Amazon’s share price [AMZN] is back on firmer footing after a shaky third quarter earnings report. The quarterly numbers missed expectations and suggested the e-commerce giant is under pressure as reopened bricks and mortar stores up the competition after being battered by last year’s pandemic-induced lock downs.
Even among the online retailers, Amazon’s share price has been performing at a fairly pedestrian pace. The stock is up 8.2% this year (as of 12 November), well behind eBay [EBAY] and Shopify’s [SHOP] near 47% gains.
Still, it’s not all bad news. Helping put the stock back on a firmer footing is news that PayPal [PYPL] will allow Venmo users to use the platform to buy Amazon products from next year. That sent Amazon’s share price up 2.5% on Tuesday 9 November.
Analysts are also backing Amazon, with many suggesting that it is well placed for longer-term growth with the share price potentially breaking out in 2022.
Amazon’s share price slips after missed expectations
There’s no getting away from the fact that Amazon missed Wall Street expectations for both the top and bottom line as growth. Earnings came in at $6.12 versus an expected $8.92 a share, while revenue of $110.81bn missed the forecast $111.6bn.
Increased competition from physical shops now reopen following the pandemic has hurt sales. Worryingly, Amazon’s growth is stalling as it is coming into the lucrative holiday season, which encompasses both Black Friday and Christmas. Compounding things are supply chain issues, labour shortages and increased shipping costs.
Perhaps more worrying was slashed Q4 guidance. Amazon now expects sales of between $130 billion and $140 billion in the fourth quarter - a sluggish growth rate of between 4% and 12%. Operating profits in the fourth quarter are expected to be between $0 and $3bn - a steep drop from the $6.9bn seen in the same period last year.
Following the results, Amazon’s share price dropped 3.6% in the morning session on 29 October.
What does the future hold for the Amazon share price?
Despite earnings badly missing estimates, Amazon’s share price has recouped its losses and is now trading around its early September levels.
The e-commerce retailer is also making strategic decisions that could help it compete on the same turf as the likes of WalMart by opening its own physical retail locations.
"The key question from here is when/if does the current investment cycle drive evidence of share gains and margin leverage," RBC Capital Markets analyst Brad Erickson said in a note. "Only time will tell, but in our view AMZN stock is making critical investments as consumers increasingly demand faster shipping which should at least maintain share gains while, importantly, growing gross profit dollars."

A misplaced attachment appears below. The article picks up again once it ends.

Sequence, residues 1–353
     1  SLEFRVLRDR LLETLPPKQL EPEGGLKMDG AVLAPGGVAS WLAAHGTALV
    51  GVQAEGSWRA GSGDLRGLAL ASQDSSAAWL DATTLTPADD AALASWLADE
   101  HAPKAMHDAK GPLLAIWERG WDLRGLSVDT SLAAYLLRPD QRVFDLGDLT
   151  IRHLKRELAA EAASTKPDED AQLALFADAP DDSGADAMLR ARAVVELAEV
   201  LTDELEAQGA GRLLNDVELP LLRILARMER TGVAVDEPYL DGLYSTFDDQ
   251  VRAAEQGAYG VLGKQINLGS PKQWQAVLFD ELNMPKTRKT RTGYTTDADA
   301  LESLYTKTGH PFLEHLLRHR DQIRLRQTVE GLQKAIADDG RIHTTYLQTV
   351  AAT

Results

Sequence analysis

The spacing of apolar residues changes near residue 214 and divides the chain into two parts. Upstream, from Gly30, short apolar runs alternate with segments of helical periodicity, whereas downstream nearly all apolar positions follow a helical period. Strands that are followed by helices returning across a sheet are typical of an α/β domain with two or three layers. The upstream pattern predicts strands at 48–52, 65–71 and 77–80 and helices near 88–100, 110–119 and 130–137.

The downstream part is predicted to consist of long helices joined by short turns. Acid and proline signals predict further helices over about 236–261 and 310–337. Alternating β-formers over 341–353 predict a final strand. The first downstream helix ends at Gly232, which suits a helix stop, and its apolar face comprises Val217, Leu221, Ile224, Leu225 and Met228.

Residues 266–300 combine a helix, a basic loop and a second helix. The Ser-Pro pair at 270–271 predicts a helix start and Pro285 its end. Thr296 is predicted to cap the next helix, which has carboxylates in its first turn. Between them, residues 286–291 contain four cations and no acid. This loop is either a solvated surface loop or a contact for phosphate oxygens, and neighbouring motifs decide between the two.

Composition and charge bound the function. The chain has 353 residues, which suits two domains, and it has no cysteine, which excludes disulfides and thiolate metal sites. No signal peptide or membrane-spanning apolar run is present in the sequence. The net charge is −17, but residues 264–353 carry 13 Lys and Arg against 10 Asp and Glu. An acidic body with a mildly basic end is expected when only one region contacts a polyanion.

This will, of course, take investment - and such cost is likely to crop up on future earnings reports, but it suggests that investors might want to consider a longer-term outlook on Amazon’s share price, especially as it's arguably trading at a discount.
“...in our view AMZN stock is making critical investments as consumers increasingly demand faster shipping which should at least maintain share gains while, importantly, growing gross profit dollars” - RBC Capital Markets analyst Brad Erickson
Wall Street still bullish on Amazon’s share price
Even analysts who trimmed their price targets following the results still see plenty of upside on Amazon’s share price.
Goldman Sachs’ Eric Sheridan lowered his target to $4,100 from $4,250, which would see a 16% upside on Friday’s closing price of $3525. Sheridan said that Q4 revenue guidance was actually "much better than feared," and that the retailer was both in a good place to handle any potential supply chain issues and was making smart strategic decisions.
Morgan Stanley analyst Brian Nowak lowered his price target from $4,100 to $4,000 off the back of the Q4 guidance, but still believes in the longer-term potential of the company - a familiar theme from the analysts whose lowered targets.
Amazon share price target, perYahoo Finance analysts, a 15.3% upside on Friday's closing price
Then there were analysts who actually upped their price targets. Credit Suisse and JP Morgan raised theirs to $4,350 - a 23% upside. Credit Suisse’s Stephen Ju pointed to Amazon’s inventory which should help the retailer outperform the competition during the holidays.
Stifel is the most bullish on the street with a $4,400 price target, which suggests a near 25% upside. Stifel analyst Scott Devvit says that Amazon’s share price will be a ‘big outperformer in 2022’ and described the recent dip as an ‘attractive buying opportunity’.
Among the analysts tracking Amazon’s share price on Yahoo Finance, the stock has a $4,066.41 price target - hitting this would see a 15.3% upside on the current price.